Team Summit’s Walker Robinson dominates Rocky Mountain region skicross circuit | SummitDaily.com
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Team Summit’s Walker Robinson dominates Rocky Mountain region skicross circuit

Walker Robinson, 14, of Team Summit won all six of his Rocky Mountain region skicross competitions this season.
Photo from Team Summit

Team Summit skicross up-and-comer Walker Robinson made an undefeated statement this season on the Rocky Mountain circuit.

The 14-year-old won each competition he entered, earning him a national championship in a year when the annual USA Snowboard and Freeski Association didn’t host an event in response to COVID-19. His winning streak culminated with a skicross victory last weekend at Copper Mountain Resort while racing against some of the nation’s best competitors his age from the Rocky Mountain region, Maine and California.

“Walker is a competitor who wants to win,” Team Summit skicross head coach Leah Emaus said. “He gets in the gate, and he definitely is thinking, ‘How do I win this race? What do I have to do? What is my start going to be? How am I going to take the first turn?’”



The 2020-21 season transitioned from a time-trial format to more traditional race heats and rounds later in winter. As the season navigated pandemic restrictions, Robinson devoted his days to the state-of-the-art Copper skicross venue. His focus was to continue his winning ways and momentum from the shortened 2020 season.

At the end of that season, Robinson said he was looking forward to competing against the nation’s best in the 13- to 14-year-old division at 2020 USASA Nationals at Copper. But with the annual end-of-season event canceled due to COVID-19, Robinson was fueled to come back strong this season.



“I was kind of just like, ‘Uh, what should I do?’” Robinson said. “But we just skipped that and moved on. We couldn’t really do anything about it. So I started training harder for this year and was able to really focus on myself and my skiing.”

Robinson’s skiing benefited from Emaus’ coaching in her first year with Team Summit. Emaus brought with her experience racing for the U.S. National Ski Cross Team and competing in U.S. Grand Prix and World Cup events throughout her career, including two national championships and multiple World Cup podiums.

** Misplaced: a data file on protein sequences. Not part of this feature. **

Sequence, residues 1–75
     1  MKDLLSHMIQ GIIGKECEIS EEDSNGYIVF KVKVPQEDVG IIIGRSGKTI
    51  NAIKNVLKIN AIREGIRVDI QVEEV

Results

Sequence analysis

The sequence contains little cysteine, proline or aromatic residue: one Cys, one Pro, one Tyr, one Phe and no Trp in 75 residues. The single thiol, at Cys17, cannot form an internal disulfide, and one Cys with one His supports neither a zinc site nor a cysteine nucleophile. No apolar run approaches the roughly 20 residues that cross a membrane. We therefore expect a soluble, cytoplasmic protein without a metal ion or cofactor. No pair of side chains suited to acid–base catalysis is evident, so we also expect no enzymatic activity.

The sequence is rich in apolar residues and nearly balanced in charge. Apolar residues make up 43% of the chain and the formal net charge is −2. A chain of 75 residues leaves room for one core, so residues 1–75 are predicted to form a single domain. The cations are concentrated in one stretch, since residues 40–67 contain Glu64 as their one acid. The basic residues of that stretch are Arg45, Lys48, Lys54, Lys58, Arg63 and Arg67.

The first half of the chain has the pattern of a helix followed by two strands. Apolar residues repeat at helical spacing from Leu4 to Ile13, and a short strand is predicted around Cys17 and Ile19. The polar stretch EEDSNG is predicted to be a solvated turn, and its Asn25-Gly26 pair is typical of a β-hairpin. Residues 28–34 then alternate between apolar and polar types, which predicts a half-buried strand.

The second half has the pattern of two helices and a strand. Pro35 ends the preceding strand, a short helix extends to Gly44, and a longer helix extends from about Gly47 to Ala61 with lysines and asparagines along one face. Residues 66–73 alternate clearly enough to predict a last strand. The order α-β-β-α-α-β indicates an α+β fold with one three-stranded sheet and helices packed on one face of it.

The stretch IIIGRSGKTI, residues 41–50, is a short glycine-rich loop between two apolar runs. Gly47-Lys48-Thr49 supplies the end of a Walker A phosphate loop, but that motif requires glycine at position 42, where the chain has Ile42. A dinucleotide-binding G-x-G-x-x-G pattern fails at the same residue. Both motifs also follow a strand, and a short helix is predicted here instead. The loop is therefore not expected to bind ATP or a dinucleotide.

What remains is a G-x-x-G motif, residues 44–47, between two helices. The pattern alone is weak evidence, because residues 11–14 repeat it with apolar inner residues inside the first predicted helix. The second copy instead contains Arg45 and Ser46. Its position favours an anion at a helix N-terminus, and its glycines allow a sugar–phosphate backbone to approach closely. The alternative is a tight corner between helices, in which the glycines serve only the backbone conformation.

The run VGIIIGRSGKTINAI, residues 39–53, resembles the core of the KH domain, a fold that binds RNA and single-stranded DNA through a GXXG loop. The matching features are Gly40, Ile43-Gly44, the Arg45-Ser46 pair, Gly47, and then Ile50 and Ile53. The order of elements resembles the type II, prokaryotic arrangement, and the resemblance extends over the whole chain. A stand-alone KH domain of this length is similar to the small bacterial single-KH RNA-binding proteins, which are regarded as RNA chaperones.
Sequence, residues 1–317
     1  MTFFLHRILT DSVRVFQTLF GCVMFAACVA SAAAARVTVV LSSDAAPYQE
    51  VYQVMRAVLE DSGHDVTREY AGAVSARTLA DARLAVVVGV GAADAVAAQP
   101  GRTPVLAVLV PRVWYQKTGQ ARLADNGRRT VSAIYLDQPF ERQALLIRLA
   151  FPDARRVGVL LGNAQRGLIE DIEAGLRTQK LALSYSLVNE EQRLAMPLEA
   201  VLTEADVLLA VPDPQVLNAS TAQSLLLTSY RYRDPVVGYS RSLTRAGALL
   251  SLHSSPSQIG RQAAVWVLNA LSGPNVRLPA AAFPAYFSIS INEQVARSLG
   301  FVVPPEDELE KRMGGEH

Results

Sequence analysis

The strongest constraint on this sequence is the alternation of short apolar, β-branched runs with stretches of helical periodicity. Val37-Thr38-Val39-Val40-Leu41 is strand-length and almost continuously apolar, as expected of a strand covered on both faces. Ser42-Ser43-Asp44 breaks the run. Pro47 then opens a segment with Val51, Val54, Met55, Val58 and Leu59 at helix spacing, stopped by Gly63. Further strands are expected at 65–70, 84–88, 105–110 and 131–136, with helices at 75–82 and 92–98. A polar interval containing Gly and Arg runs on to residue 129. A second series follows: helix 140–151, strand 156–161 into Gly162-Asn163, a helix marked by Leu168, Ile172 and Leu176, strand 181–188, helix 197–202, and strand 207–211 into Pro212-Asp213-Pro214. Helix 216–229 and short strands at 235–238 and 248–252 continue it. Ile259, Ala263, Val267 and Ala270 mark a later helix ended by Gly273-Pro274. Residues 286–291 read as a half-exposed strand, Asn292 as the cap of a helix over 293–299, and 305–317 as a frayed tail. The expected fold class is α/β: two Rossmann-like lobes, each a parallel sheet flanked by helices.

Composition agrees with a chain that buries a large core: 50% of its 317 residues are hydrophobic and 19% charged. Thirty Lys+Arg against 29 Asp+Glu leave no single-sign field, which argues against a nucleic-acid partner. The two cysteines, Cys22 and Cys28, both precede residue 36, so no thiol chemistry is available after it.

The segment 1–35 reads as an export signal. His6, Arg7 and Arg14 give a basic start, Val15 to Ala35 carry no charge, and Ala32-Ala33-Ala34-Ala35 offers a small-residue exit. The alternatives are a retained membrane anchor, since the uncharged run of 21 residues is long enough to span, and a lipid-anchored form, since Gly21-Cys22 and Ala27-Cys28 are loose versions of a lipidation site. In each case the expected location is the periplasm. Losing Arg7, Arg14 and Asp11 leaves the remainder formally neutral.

Once Emaus began working with Robinson, she recognized his hybrid background and skills from Alpine ski racing and freestyle. She took Robinson’s Alpine carving skills and helped him transition to smaller radius skicross skis. The duo also focused on ideal form while throttling through the skicross course, such as hip movement and body positioning. With Robinson’s adept air awareness, jumping and ability to ski a variety of terrain, Emaus said the tweaks helped him maximize his potential.

“Skicross incorporates all of that — the racing aspect of carving a ski, the moving aspect of through gates and rollers and jumps,” Emaus said.

The coach said Robinson’s ability to use repetition to improve his skills turning on skicross-specific banks at Copper accelerated his technique training. Robinson was driven to improve this year after seeing the level of Revolution Tour competition at a step-up event at Ski Cooper when he was 13. The open-class field of racers with World Cup experience opened Robinson’s eyes to what the levels after USASA look and feel like.

“I saw a big difference in carving and strength,” Robinson said. “That was the point I needed to take it more seriously. … I got in the gate, and there were people 6-3, 6-4, 225 pounds. And I’m 5-8, 115 pounds.”

With his eyes on competing on the Rev Tour and NorAm racing levels, Robinson said he would like to focus some more on Alpine training as well as weightlifting to get his body and skiing stronger concurrently. Those improvements will help him to hold his own on the Audi Ski Cross Tour U-16 event in Switzerland, which would be another opportunity for Robinson to break through against other hungry young racers with Olympic dreams.

“It’s a cool event that focuses on the development of athletes aspiring to get to the World Cup,” Emaus said. “It allows them to showcase their skills on a similar course to the World Cup.”


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